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Communion Town: A City in Ten Chapters Hardcover – July 1, 2012

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Editorial Reviews

From Publishers Weekly

Sam Thompson's debut, a novel of stories set in enigmatic Communion Town, landed a coveted spot on the Man Booker longlist. Like David Mitchell and Italo Calvino, Thompson has some fun trying out literary styles. One chapter is written as a noir-ish caper, another as a futuristic romance, another follows a serial killer, and there's even a lovely childhood fable with notes of magical realism. The cumulative effect is of a world simultaneously revealed and obscured: just when you've gotten a grip on Communion Town, it's transformed. Thompson's sentences are graceful enough that he mostly pulls off these crafty fireworks—at least when it comes to miming a style. But too often, exhilarating sentences (like one describing the sea as full of the movements of an anticipatory audience, rustling programs, shushing itself...) are buried in descriptive layers that deaden an entire page. In the opening story, a dramatic event is obliquely mentioned over and over in the span of 20 pages. When the action is revealed, it hardly seems worth the wait. Thompson is a talented writer with a seemingly boundless interest in language and its potential; one can't help but wish that he applied some of his energy to getting to the point. (Dec.) --This text refers to an alternate Hardcover edition.

From Booklist

In his lyrical and suspenseful debut novel, English writer Thompson draws on horror, noir, and other genres to fashion the titular city through the eyes of 10 distinct inhabitants. A detective down on his luck scores a case that could make or break his career. A slaughterhouse worker witnesses a haunting murder that strains his relationship with his enigmatic boss. A caseworker recounts the struggles of his immigrant clients. Friends and strangers swap stories at a bar while one man ventures outside, where horrific things supposedly happen after dark. And a janitor-by-day and rickshaw-driver-by-night dates a folk musician who introduces him to the guitar, which becomes a new obsession that both changes his life and hinders their relationship. While no overarching plot weaves the characters’ stories together, Communion Town serves as the real protagonist, a fully realized place that Thompson—with often breathtaking prose and versatility—peoples with cynics, dangerous wanderers, and lonely outcasts. A shadowy city saturated with life and lore, and held together by human struggles. --Jonathan Fullmer --This text refers to an alternate Hardcover edition.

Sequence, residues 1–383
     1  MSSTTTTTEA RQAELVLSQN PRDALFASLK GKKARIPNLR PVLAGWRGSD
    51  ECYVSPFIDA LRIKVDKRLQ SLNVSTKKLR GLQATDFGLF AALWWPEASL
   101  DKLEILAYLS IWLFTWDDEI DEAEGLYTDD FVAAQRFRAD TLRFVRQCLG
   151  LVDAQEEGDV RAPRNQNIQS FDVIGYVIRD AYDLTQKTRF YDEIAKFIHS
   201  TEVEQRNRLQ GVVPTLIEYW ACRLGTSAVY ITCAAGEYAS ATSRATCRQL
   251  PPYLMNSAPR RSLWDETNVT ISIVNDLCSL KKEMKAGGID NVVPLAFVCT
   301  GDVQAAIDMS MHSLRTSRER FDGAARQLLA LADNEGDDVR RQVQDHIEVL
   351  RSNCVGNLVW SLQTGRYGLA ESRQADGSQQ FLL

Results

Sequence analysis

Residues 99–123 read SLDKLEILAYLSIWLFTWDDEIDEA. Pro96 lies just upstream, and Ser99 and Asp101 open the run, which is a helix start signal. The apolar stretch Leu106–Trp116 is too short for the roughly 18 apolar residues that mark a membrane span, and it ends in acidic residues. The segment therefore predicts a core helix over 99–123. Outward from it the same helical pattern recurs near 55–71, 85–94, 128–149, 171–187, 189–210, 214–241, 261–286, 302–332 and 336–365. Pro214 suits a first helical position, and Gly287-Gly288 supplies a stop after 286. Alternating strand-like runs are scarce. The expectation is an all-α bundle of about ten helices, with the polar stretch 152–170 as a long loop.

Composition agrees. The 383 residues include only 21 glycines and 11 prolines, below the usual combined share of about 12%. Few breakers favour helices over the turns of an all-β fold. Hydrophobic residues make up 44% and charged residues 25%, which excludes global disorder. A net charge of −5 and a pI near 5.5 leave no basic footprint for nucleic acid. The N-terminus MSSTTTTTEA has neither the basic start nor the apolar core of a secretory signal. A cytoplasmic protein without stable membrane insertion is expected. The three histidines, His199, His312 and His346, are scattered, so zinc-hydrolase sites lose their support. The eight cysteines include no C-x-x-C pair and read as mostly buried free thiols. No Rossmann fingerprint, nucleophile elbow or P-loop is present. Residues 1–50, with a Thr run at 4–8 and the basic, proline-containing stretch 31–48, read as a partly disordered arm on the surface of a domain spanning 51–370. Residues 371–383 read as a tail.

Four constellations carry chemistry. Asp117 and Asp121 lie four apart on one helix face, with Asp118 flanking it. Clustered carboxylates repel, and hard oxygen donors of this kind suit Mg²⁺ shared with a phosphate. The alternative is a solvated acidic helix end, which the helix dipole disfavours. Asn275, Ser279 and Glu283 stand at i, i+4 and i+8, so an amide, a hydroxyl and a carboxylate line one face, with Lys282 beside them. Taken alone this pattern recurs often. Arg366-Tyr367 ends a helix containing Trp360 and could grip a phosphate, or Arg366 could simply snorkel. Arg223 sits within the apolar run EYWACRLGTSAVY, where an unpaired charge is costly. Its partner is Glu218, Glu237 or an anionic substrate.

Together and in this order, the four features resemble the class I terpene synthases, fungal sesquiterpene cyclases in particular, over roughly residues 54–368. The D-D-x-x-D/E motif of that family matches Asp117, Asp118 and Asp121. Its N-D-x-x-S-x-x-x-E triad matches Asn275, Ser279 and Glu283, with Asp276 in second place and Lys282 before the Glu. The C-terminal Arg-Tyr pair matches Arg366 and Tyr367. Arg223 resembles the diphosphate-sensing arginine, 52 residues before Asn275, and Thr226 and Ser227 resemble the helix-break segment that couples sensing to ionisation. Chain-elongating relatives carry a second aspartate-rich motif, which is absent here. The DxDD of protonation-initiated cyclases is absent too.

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Product Details

  • Hardcover: 288 pages
  • Publisher: Fourth Estate (July 1, 2012)
  • Language: English
  • ISBN-10: 0007454767
  • ISBN-13: 978-0007454761
  • Product Dimensions: 5.6 x 1.1 x 8.7 inches
  • Shipping Weight: 14.9 ounces
  • Average Customer Review: 3.3 out of 5 stars  See all reviews (15 customer reviews)
  • Amazon Best Sellers Rank: #2,525,704 in Books (See Top 100 in Books)

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Customer Reviews

Most Helpful Customer Reviews

11 of 12 people found the following review helpful By Kcorn TOP 500 REVIEWER on August 11, 2012
Format: Hardcover Verified Purchase
I was eager to read Communion Town after learning it was a Man Booker nomination (long listed at this point). It also received considerable praise and attention from the media, including a blurb from Tash Aw on the back cover, an author also once longlisted for the Man Booker Prize.

Based on the book's description, I expected the novel to focus on a city portrayed from different viewpoints - perhaps culminating in a deeper and intriguing sketch of a place, real or imagined.

Unfortunately, I labored to finish Communion Town. I stuck with it only because I feel uncomfortable reviewing a book without seeing it through. Although less than 300 pages, it felt more like 600.

I did have some hope in the early pages of the first chapter. That one focused on Ulya and Nicolas as they arrived at "the city", a pair "different from the rest." The plot was somewhat understandable at this point as Nicolas and Ulya applied for identity cards and help with finding food and housing.